Booze sold in the off-trade – that’s supermarkets, shops and off-licenses – is now more affordable than it was 20 years ago. A can of lager is cheaper than a bottle of water. Supermarkets are even selling alcohol at a loss.
Money no object
So we’re drinking more and drinking at home, causing damage to ourselves and our society.
Public health experts – including the Health Select Committee, along with the Royal College of Physicians and the government’s own chief medical officer – want to see a minimum price of 50p per unit of alcohol.
Would that deter Carl and his mates? What would they do if alcohol was more expensive?
“We’d rob it,” says Danny, aged 17, who expertly opens a bottle using only his teeth.
“I’d ask Gordon Brown to put me dole money up,” says 17-year-old Gary, who got locked up last week for fighting while drunk.
The Channel 4 News crew retreats back towards the lighted paths, leaving the lads in the dark. By the end of the evening two of them will have been arrested. Locked in the cells to sober up at significant cost to the taxpayer.
Three miles out of Durham is the former pit village of Bowburn.
In the middle of the estate, opposite an off-licence, we meet Danielle, who is 15. It’s early in the evening but her make-up is smudged and there’s a whiff of vodka and coke on her breath. With a slur of her words and a grin on her face, she tells us she hasn‘t had a drink. Yet. So, what does she do on a normal Friday night?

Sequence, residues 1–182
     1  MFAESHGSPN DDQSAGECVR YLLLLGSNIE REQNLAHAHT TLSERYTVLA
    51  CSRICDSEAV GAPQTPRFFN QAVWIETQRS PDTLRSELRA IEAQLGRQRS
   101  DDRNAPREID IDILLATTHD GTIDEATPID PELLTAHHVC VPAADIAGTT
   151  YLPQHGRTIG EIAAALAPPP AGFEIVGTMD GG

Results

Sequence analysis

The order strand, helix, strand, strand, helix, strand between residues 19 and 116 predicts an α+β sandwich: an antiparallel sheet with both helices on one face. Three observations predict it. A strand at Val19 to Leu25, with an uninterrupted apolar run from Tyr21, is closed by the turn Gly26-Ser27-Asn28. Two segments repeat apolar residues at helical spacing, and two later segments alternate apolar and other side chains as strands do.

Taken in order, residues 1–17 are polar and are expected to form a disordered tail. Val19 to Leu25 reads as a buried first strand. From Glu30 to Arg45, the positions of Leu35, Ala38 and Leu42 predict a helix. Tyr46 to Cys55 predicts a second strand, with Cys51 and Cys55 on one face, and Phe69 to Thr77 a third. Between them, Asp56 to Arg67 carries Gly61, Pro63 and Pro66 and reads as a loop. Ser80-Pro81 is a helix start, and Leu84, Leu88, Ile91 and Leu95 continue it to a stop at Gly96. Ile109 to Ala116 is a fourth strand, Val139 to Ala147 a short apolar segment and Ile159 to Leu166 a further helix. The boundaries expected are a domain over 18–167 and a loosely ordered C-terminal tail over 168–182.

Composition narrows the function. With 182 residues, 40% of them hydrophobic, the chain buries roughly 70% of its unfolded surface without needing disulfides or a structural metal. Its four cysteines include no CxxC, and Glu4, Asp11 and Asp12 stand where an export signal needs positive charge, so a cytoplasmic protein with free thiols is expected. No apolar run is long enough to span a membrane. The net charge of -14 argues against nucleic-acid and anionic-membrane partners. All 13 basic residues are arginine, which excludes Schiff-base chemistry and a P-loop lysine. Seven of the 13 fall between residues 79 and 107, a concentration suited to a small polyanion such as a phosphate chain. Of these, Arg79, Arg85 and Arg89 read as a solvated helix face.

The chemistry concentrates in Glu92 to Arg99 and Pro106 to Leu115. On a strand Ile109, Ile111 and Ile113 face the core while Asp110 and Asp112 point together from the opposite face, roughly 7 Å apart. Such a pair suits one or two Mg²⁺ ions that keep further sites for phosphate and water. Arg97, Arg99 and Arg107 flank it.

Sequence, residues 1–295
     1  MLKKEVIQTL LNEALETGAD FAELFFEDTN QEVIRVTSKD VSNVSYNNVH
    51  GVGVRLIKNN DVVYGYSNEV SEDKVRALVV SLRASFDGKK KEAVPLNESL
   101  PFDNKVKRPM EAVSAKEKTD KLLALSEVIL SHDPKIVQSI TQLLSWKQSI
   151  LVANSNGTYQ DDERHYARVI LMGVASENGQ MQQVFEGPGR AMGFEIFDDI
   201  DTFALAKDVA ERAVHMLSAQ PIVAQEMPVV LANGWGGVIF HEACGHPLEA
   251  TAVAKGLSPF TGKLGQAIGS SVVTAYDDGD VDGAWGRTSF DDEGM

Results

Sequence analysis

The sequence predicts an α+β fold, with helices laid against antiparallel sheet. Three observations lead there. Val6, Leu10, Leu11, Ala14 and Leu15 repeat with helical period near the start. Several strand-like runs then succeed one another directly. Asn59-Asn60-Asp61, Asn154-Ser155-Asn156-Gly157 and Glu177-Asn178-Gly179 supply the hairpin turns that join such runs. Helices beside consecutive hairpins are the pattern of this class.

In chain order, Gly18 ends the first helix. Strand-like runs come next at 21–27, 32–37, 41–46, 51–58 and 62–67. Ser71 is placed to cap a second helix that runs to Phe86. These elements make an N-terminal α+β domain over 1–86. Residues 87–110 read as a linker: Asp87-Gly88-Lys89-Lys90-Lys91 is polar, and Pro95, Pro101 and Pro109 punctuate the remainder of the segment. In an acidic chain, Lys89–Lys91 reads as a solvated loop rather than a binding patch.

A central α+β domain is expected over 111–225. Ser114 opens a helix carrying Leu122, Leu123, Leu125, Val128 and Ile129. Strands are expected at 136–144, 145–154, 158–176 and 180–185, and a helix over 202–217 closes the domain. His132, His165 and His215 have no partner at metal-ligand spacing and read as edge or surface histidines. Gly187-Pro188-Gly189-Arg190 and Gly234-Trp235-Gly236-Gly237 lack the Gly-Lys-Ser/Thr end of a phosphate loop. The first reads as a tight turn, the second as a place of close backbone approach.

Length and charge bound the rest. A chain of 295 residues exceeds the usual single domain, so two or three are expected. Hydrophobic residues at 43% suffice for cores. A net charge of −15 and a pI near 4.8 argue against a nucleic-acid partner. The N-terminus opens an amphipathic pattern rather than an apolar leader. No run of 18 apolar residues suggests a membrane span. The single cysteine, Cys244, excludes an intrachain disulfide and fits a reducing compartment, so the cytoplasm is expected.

“We get p***ed,” she screams, prompting a chorus of cackles from her girl friends.
“We get the vodka for £3.69 a bottle and we drink it. We’ll stay out ’til eleven. Actually more like two in the morning. We get it from the off license.”
They sway and wobble as they talk. Dressed in powder pink and baby blue, hair scraped back, walking arm in arm like little girls. Danielle and her friends are at the beginning of their relationship with alcohol.
Under the influence
But while it’s easy to point the finger at these youngsters – they’re bored and irresponsible – the message from those Channel 4 News speaks to is that we are all, to some extent, under the influence of alcohol.
Our report was filmed in the north east because alcohol consumption levels here are among the highest in the country and alcohol-specific hospital admissions are 62 per cent higher than the national average.
But the impacts of cheap alcohol are experienced nationwide and affect all areas of life.
There is the time lost to the economy through absenteeism at work, alcohol-related unemployment, the social care or mental health intervention required when individuals or families break down, and much more.
Then there are better-known effects. Death from chronic liver disease is increasing in both men and women.
Tony Brown founded a charity called Living Sober – he travels around the region, helping recovering alcoholics.